One of the great things about running a blog is the people you meet via comments. One of my readers Brian Porter, a top agent in Portland Oregon, posted a comment and I went to check out his site. He had a wonderful post on making lowball offers and has graciously allowed me to post it here.
Real estate Gurus often say to send out a lot of lowball offers. This is a good strategy however sending out a ton of spam offers will only get you a bad reputation. Although Brian’s article is written for home buyers he has great insight on how investors can do it right.
Here is Brian’s article:
In today’s insane real estate market, you see and write a lot of lowball offers. I have been selling Real Estate in Portland Oregon since 2003, and I have written my fair share of low offers. Most low offers get rejected because the seller is looking to get a certain price, but once in a while you get one accepted. Here are some things that you can do to make your lowball more appealing to the seller:
- Put down a large amount of earnest money
- Make your earnest money non-refundable and immediately available to the seller
- Schedule the closing ASAP
- Eliminate contingencies, for example, eliminate the inspection contingency
- Don’t ask for any special favors, for example don’t ask for a home warranty
- Show the seller that you will be able to financially close the transaction
- Take on the seller’s problem, ie., accept the house with all of its defects
- Be very careful writing a letter that “explains” your lowball offer. You might insult the seller
- Respect the seller’s needs, for example, allow him to rent back for a while if needed
- Write lowball offers on properties that have motivated sellers, for example, vacant properties, properties that cannot be financed and properties that have been on the market for a long time
With regard to the letter that “explains” your lowball offer, the only time that I was successful, I wrote an offer for my client that explained that the buyer really loved the home, but it was beyond their reach financially. I explained that they could afford a certain price and nothing more, and it worked!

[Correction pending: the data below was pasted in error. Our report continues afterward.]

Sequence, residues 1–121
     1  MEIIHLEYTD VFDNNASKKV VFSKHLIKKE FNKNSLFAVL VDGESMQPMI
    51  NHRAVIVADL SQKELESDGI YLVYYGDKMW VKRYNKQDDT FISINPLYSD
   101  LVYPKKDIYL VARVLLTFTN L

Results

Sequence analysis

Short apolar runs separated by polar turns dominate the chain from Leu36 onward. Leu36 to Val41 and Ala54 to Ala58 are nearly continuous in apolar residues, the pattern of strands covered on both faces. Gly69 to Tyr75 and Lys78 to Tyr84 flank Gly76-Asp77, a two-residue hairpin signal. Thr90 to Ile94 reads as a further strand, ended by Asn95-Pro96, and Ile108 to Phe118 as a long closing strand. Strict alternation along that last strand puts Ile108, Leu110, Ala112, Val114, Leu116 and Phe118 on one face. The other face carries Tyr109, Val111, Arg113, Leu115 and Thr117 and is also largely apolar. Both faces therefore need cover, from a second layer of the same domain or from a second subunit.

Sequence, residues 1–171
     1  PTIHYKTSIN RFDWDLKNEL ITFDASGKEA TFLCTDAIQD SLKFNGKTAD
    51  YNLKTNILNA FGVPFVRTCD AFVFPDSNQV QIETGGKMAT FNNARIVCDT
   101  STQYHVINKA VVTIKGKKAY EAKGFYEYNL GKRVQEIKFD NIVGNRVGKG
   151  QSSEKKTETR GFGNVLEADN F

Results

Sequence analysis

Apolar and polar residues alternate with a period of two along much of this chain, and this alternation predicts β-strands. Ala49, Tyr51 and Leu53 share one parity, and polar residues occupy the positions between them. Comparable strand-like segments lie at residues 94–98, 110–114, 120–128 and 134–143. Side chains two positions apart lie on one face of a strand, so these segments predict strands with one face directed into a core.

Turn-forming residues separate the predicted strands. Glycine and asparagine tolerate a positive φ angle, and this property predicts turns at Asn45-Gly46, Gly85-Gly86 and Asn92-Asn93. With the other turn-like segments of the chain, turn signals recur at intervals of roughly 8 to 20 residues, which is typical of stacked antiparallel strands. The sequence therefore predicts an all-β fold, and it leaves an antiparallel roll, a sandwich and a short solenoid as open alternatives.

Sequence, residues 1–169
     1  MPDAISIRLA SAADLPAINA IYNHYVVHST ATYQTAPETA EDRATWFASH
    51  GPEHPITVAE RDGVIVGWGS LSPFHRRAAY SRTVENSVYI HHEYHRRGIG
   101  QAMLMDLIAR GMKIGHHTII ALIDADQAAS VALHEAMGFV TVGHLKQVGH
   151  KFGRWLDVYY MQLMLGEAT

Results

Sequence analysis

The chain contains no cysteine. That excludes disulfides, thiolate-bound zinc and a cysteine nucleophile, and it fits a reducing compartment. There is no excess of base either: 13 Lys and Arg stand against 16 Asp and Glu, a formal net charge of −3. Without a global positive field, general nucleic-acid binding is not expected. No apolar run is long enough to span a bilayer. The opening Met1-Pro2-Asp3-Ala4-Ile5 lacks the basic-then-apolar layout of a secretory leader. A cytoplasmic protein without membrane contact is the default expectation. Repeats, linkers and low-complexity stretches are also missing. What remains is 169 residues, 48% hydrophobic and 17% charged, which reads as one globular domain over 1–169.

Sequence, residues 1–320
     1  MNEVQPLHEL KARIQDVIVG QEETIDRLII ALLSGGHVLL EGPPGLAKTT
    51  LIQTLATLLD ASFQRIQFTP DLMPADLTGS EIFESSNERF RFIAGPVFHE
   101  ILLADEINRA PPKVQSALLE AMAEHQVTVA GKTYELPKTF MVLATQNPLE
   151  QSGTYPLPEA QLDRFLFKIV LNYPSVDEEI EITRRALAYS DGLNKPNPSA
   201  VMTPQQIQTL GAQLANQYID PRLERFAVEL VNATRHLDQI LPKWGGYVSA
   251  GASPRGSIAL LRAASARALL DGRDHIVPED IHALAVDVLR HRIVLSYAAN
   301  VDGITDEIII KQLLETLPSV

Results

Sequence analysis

My friend Millard Christner from John L. Scott told me that if you are humble, respectful and empathetic when you write the offer, you will get a better result, and he also said that if you write a letter of explanation, make it brief. Furthermore he said that your offer should convey the fact that you are willing to take on all of the seller’s problems when you write the lowball offer, and all the seller has to do is sign the papers.
You may have to write more than one low offer before you get one accepted, but this is a legitimate way to negotiate a lower price on a property. You just have to have the stomach for it. You may also find yourself playing ping-pong. That is: offer, counter offer, counter to counter etc. This can be a huge waste of time, but as long as there is movement on the part of the buyer and seller, it is probably worthwhile to continue.
A few don’ts would include:
- Don’t write more than one offer at a time, unless you plan on purchasing more than one property.
- Don’t try justify a low offer by sending the listing agent “comparable properties”. I tried this on one occasion, and it did not go over well at all.
- Don’t insult the seller or disrespect the property; you will just burn bridges.
- Don’t write a low offer on a new listing; you will be wasting your time .
- Don’t write a low offer on an underpriced listing. You might loose the opportunity to pick up a steal.
What do you think of Brian’s post? Have you put in a lowball offer that worked? Leave a comment and tell us about it.
Here is a direct link toBrian Porters post on lowball offers.